The Alkimos resident was named student of the year at the institute’s annual awards evening on March 9.
Previously a history teacher at Newman Senior High School, Miss Grant changed paths and enrolled in an early childhood traineeship through WCI and Duncraig Early Learning Centre.
Impressed by her enthusiasm and work ethic, her employer promoted her to team leader when she finished the traineeship and she is now responsible for 15 children and five staff members in the toddler room.
‘I’ve gained so much confidence through my traineeship,’ Miss Grant said.
‘A year ago I was the trainee ” the one learning from all the educators in the room; and now my educators are looking to me to help them.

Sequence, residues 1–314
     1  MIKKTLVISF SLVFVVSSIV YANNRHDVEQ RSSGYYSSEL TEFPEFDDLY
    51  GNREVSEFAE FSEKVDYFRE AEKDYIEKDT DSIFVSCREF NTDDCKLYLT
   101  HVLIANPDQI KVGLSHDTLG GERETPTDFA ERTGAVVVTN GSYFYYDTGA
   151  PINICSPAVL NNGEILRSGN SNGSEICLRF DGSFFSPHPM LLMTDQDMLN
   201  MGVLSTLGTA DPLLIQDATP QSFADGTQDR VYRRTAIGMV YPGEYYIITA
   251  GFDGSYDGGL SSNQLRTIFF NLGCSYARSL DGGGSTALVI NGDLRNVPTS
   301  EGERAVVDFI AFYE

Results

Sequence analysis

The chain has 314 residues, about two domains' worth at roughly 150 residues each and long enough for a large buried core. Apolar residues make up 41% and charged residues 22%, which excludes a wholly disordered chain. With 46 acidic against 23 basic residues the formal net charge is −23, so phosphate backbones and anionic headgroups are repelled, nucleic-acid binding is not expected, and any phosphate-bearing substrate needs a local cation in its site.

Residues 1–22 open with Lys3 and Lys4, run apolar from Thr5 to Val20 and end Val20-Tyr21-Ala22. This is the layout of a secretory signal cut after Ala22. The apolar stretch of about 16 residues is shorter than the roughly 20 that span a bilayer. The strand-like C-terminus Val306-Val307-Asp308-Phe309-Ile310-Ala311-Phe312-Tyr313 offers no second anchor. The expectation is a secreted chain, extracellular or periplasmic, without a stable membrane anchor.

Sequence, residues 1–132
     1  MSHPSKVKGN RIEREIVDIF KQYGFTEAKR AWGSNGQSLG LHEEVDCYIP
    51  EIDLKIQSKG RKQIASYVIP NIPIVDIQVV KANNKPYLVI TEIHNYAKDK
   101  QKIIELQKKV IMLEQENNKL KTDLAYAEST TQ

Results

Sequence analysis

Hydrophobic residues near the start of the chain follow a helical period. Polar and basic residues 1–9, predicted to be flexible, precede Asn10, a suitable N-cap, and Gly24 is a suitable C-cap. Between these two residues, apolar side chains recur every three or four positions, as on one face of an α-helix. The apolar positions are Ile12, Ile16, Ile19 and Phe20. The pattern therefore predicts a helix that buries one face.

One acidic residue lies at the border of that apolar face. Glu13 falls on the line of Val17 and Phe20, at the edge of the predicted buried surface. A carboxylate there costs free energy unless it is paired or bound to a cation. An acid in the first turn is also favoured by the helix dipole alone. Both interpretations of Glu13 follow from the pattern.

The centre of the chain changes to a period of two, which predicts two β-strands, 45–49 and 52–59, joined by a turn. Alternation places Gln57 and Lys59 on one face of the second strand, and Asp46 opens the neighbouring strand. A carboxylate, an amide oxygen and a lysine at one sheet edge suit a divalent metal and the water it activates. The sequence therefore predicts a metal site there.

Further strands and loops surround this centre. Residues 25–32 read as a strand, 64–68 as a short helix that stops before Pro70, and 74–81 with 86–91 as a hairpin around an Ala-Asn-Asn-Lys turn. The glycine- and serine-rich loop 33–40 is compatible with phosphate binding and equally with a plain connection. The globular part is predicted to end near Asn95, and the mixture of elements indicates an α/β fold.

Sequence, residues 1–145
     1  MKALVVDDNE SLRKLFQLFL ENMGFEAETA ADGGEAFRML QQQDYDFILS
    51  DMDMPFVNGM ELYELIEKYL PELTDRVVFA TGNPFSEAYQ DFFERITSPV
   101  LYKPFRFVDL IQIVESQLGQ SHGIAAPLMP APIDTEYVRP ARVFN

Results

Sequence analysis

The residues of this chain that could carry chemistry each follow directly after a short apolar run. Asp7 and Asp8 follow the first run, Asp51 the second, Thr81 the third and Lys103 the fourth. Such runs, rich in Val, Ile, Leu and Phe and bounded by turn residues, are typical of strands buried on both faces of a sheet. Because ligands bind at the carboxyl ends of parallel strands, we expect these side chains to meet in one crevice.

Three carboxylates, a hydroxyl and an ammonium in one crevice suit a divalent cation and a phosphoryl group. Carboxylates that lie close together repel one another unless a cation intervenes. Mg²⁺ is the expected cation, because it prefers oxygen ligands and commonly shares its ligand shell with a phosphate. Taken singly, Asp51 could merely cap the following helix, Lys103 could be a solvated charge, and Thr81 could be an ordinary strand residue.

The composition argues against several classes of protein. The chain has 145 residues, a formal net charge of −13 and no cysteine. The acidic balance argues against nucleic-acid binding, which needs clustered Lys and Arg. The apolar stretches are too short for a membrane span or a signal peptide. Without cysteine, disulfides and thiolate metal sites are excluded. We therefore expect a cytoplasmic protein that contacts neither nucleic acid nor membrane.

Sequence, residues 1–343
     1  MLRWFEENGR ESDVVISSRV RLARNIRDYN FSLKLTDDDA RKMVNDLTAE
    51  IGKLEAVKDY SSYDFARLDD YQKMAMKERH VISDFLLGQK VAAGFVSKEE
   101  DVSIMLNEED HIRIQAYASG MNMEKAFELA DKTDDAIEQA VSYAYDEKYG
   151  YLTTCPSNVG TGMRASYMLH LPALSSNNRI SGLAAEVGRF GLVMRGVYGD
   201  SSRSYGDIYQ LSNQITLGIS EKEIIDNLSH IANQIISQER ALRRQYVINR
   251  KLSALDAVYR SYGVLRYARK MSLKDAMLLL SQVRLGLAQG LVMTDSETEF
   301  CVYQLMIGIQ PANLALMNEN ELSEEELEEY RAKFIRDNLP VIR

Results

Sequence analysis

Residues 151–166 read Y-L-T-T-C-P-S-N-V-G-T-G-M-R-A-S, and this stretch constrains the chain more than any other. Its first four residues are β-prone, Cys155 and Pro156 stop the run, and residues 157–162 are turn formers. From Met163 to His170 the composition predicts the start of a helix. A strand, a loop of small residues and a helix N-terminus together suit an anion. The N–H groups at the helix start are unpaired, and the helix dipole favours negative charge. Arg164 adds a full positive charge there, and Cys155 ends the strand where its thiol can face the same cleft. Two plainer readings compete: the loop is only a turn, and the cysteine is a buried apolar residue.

‘My biggest accomplishment and the thing that is most important to me is the relationship I have with the children I work with ” that means more to me than anything.’
Her lecturer nominated her for the award based on her dedication to studies and employment, and her infectious passion for working with children.
‘They have taught me so many different skills and strategies to work with young children, which are very different to the strategies I used as a teacher to work with teenagers.
‘My lecturers come from the early childhood industry so their training is practical and flexible, which means I can stay focused on what really matters ” the children.’
Miss Grant plans to continue her career in rural WA, saying she believed all children should have access to high quality education in their early years.
WCI’s managing director Michelle Hoad said Miss Grant was an example of someone who had turned to training to transform her passion and dream into reality.
‘I am so pleased that she took the leap to change careers and start something she truly enjoys,’ she said.